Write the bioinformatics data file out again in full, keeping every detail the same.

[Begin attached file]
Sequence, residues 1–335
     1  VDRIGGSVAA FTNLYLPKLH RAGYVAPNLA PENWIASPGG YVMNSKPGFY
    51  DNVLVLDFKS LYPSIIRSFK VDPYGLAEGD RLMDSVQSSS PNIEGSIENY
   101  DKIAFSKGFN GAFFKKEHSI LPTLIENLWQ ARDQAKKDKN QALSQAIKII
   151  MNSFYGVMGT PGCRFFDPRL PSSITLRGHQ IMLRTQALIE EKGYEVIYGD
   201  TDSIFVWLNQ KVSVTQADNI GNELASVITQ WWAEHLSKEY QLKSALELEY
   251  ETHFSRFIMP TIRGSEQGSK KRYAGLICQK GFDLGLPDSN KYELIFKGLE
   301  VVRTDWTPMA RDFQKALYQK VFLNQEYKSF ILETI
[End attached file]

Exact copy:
Sequence, residues 1–335
     1  VDRIGGSVAA FTNLYLPKLH RAGYVAPNLA PENWIASPGG YVMNSKPGFY
    51  DNVLVLDFKS LYPSIIRSFK VDPYGLAEGD RLMDSVQSSS PNIEGSIENY
   101  DKIAFSKGFN GAFFKKEHSI LPTLIENLWQ ARDQAKKDKN QALSQAIKII
   151  MNSFYGVMGT PGCRFFDPRL PSSITLRGHQ IMLRTQALIE EKGYEVIYGD
   201  TDSIFVWLNQ KVSVTQADNI GNELASVITQ WWAEHLSKEY QLKSALELEY
   251  ETHFSRFIMP TIRGSEQGSK KRYAGLICQK GFDLGLPDSN KYELIFKGLE
   301  VVRTDWTPMA RDFQKALYQK VFLNQEYKSF ILETI